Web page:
Thesis Title

Iran: an Emerging Military Threat to U.S. National Interests in the Middle East

Date of Graduation

Spring 1994

Degree

Master of Science in Defense and Strategic Studies

Department

Defense and Strategic Studies

Committee Chair

William Van Cleave

Subject Categories

Defense and Security Studies

Abstract

Six years after emerging from its war with Iraq, battered militarily and weakened strategically, Iran appears intent on reestablishing itself as a major regional military power. To reach this goal, the current government of Iran has embarked on a massive program of remilitarization that includes a major buildup of the country's conventional forces and efforts both to build and to purchase unconventional weapons and long range delivery means. This thesis examines the components of the Iranian buildup in detail to establish that the scope and pace of this armament effort, together with an aggressive national leadership fired by both Islamic fundamentalist and Persian nationalist ambitions, are making Iran the new threat to regional security in the Persian Gulf and a likely challenge to U.S. national interests. In response to this potential threat, the United States has, to date, pursued policies characterized by inconsistency, a limited range of actions, and limited effectiveness. To counter this potential challenge to American interests more effectively, additional policy measures will be required. These include a number of defensive, and possibly even offensive actions.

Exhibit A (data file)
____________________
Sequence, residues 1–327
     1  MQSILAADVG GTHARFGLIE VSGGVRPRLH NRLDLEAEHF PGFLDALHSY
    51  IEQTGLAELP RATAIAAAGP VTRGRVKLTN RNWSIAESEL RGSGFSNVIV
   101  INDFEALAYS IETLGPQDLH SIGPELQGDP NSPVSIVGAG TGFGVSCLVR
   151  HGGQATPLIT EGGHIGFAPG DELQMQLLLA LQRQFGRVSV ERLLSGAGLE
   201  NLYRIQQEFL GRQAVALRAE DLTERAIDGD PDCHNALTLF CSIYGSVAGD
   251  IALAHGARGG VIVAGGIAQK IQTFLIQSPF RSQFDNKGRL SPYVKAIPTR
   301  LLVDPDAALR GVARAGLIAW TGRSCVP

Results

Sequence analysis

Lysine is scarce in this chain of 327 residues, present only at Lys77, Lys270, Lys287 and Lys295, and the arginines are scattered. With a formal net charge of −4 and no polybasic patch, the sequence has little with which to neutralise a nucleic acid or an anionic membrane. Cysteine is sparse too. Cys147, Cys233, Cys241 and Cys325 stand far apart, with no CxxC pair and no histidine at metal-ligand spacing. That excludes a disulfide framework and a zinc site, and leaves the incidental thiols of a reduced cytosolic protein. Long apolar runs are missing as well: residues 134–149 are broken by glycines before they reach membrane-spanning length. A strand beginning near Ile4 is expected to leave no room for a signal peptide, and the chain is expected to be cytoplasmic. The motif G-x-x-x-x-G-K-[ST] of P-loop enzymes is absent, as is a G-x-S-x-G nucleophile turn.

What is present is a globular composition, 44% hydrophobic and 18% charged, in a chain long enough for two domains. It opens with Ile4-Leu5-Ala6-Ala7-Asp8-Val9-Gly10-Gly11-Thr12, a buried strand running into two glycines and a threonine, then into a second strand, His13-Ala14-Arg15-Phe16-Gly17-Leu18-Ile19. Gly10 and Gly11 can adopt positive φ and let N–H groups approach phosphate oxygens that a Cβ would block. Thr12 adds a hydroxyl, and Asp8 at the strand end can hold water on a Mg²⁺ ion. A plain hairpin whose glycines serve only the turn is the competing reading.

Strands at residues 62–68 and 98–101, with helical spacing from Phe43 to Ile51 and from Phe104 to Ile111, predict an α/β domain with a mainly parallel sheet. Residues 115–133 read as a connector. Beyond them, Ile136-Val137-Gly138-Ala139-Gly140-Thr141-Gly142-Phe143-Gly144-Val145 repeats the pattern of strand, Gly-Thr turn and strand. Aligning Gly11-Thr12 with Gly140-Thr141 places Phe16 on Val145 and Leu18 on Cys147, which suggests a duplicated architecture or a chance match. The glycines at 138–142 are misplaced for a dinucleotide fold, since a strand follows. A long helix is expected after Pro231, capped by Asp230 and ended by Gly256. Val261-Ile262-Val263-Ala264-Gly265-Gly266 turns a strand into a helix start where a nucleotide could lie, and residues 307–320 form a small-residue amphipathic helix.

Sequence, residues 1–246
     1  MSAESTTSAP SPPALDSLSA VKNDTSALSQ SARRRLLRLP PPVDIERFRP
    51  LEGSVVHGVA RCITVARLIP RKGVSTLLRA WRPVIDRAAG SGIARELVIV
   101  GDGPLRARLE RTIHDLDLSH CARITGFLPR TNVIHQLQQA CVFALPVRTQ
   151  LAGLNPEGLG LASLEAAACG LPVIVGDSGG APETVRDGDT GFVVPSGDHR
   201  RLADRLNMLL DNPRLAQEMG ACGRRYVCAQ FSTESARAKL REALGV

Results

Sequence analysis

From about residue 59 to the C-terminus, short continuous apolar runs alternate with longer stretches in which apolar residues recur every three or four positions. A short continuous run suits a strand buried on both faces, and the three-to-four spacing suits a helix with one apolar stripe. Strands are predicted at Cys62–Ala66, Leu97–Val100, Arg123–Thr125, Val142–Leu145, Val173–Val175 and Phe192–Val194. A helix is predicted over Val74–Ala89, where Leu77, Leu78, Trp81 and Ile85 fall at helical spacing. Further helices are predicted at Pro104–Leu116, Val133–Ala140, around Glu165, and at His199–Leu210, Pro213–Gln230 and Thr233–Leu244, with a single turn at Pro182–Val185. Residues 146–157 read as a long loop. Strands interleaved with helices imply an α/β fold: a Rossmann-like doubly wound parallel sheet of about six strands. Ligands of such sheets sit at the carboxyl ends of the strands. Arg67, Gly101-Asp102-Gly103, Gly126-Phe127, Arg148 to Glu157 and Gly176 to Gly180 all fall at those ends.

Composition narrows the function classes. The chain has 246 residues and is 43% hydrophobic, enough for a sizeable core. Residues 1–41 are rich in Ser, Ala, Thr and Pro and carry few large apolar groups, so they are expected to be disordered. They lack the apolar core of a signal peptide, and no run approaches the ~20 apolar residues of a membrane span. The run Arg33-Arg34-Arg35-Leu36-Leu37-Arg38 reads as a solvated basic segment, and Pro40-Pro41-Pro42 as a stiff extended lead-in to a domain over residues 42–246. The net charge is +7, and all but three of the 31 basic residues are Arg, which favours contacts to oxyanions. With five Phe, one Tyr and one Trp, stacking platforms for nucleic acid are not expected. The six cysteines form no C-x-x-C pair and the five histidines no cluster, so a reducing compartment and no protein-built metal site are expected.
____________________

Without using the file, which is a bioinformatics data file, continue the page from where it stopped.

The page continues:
Copyright

© Philip M Collins

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